Find out how to train with kettlebells with the help of strength specialist James Griffiths.

If you bought one of the best kettlebells over the Covid pandemic, and have since used it for everything but the best exercises (no one’s denying they’re excellent door stops), you won’t be alone. Over the past few years, buying home exercise equipment has become an arms race, with every online store running out of stock faster than containers of new kit can be shipped from overseas.

And of all the home gym kit I was being asked to find for clients and gym members, kettlebells were right at the top. There is an honesty in kettlebell training that I love, so knowing the demand was there made me happy.

Kettlebell work has always been a foundational element of my training, and it’s a major part of programming for the Wild Training brand. It’s just too good to miss for nearly every person.

Three benefits of kettlebells

1. They link your cardio and strength training together. Kettlebell training will help you burn fat, increase your metabolism, and get your whole body stronger. You will see results relatively quickly, and the skills you learn will transfer to a lot of activities outside of kettlebell training, because so many kettlebell movements link your whole body together.

2. Kettlebell training encourages you to link your hips, trunk and shoulders together: the three major components of your core. Get them strong and you’ll be a lot more efficient at transferring and absorbing force across your body.

3. Kettlebells give you a better awareness of hip mechanics. Hinging your hips is such an important movement pattern to be efficient in. And while deadlifting is the daddy of strength training, swinging a kettlebell ballistically really does deliver a lot of bang for your buck, because power tends to be more useful than strength.

That, and the fact that triple extension – where you extend your knees, hips, then ankles – is a big part of kettlebell movements, which mimics how we use those joints in running and jumping. I think that’s why after my first full phase of kettlebell training I felt such a big improvement in my running.

man performing kettlebell cossack squat exercise

Photography: Simon Howard

How to train with kettlebells

Change your programming

If you don’t have a big range of kettlebell weights, change the programme to become more challenging. That means longer sets and shorter rests.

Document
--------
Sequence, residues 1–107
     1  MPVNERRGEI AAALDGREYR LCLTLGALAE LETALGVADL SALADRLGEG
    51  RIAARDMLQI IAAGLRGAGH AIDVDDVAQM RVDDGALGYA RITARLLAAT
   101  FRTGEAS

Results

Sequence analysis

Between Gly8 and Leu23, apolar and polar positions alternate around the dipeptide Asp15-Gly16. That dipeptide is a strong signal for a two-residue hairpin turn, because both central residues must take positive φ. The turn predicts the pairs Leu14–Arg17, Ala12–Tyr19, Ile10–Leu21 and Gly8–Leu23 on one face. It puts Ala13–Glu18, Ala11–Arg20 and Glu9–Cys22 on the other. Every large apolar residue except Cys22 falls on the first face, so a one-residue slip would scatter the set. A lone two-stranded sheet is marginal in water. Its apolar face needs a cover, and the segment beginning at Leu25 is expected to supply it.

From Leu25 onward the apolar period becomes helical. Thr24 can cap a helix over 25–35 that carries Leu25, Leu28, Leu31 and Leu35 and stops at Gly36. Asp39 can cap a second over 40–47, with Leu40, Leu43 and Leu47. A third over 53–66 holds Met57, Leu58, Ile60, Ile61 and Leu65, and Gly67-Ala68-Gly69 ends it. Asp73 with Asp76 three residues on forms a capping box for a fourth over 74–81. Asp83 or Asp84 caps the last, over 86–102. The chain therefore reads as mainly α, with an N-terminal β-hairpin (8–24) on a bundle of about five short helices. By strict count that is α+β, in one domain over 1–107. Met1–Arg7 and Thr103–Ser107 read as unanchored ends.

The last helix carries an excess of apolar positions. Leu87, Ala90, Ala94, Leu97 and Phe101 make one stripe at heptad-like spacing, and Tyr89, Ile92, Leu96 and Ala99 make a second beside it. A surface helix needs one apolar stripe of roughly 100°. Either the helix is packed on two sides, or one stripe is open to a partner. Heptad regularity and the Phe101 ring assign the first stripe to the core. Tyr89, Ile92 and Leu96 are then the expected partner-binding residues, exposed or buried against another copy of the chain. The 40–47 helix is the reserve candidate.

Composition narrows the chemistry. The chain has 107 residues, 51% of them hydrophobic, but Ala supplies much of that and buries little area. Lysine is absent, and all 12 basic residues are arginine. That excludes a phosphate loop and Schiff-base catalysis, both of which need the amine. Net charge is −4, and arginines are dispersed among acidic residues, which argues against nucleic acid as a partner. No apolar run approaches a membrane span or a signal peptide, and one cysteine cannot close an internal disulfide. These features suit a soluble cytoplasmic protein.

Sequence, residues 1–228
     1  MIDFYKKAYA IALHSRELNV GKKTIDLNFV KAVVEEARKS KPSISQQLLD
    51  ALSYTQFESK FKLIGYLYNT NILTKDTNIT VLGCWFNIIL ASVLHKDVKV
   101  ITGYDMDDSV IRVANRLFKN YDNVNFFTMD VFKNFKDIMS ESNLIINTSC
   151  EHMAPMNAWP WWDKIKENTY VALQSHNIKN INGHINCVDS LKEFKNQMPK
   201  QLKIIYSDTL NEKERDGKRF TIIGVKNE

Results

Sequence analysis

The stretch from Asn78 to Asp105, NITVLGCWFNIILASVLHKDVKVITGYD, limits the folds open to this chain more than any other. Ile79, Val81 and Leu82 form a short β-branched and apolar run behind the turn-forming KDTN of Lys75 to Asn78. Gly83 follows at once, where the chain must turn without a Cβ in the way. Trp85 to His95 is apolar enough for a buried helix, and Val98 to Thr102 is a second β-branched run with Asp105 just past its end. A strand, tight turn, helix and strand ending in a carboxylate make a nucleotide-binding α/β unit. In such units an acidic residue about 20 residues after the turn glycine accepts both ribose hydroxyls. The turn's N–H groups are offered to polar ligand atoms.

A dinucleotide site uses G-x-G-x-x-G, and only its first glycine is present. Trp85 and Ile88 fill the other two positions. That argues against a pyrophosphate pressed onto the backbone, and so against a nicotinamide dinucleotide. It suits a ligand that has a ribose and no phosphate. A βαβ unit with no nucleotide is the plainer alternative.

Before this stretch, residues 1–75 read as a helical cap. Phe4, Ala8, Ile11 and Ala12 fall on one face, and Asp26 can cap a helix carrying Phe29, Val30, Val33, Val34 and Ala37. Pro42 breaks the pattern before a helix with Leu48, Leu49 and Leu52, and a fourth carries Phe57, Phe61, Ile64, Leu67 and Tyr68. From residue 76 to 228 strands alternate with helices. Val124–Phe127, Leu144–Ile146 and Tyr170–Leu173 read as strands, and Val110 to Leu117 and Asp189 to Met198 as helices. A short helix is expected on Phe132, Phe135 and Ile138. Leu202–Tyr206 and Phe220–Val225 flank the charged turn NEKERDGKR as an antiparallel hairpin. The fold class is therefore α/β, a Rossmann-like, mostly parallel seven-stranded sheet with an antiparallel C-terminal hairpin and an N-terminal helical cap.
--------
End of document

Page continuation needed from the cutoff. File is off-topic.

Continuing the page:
Learn new movements

If you’ve mastered the basic kettlebell swings and lifts, work on more complicated exercises by adding in other movements. Overhead squats, forward lunge snatches and windmills are good places to start.

Create complexes

Don’t just hit straight kettlebell sets. Kettlebell swings followed by squat jumps, press-ups then thrusters is a great complex. Try 10 reps of each for as many rounds as you can in five minutes.

Integrate other kit

Throw in some Bulgarian split squats with a kettlebell racked in one arm, or turn that into a thruster: where you use the lunge to press overhead. Or try a TRX single-arm hold while you do a renegade row with the kettlebell. Have fun, create new challenges, get new results.

Try kettlebell sport lifting

There are two options. The first is a jerk, where you press one or two kettlebells from the chest (rack) to overhead. Or there’s the snatch, where one kettlebell is swung in one motion from between the legs to overhead. Perform as many reps as you can in ten minutes. There’s just one catch: you can’t set the kettlebell down in those ten minutes or the set is over.

Train smart

Squats, lunges and deadlifts aren’t what I’d consider kettlebell training, because you aren’t really taking advantage of the key benefits of kettlebell training I’ve listed in this article.

Kettlebells are so versatile it’s sometimes easy to start as a beginner and not explore them past basic exercise-video tutorials.

Swings, snatches, jerks, cleans – the big, explosive hip-hinge movements – are where you’ll get the most value from kettlebell training, so focus on those lifts.


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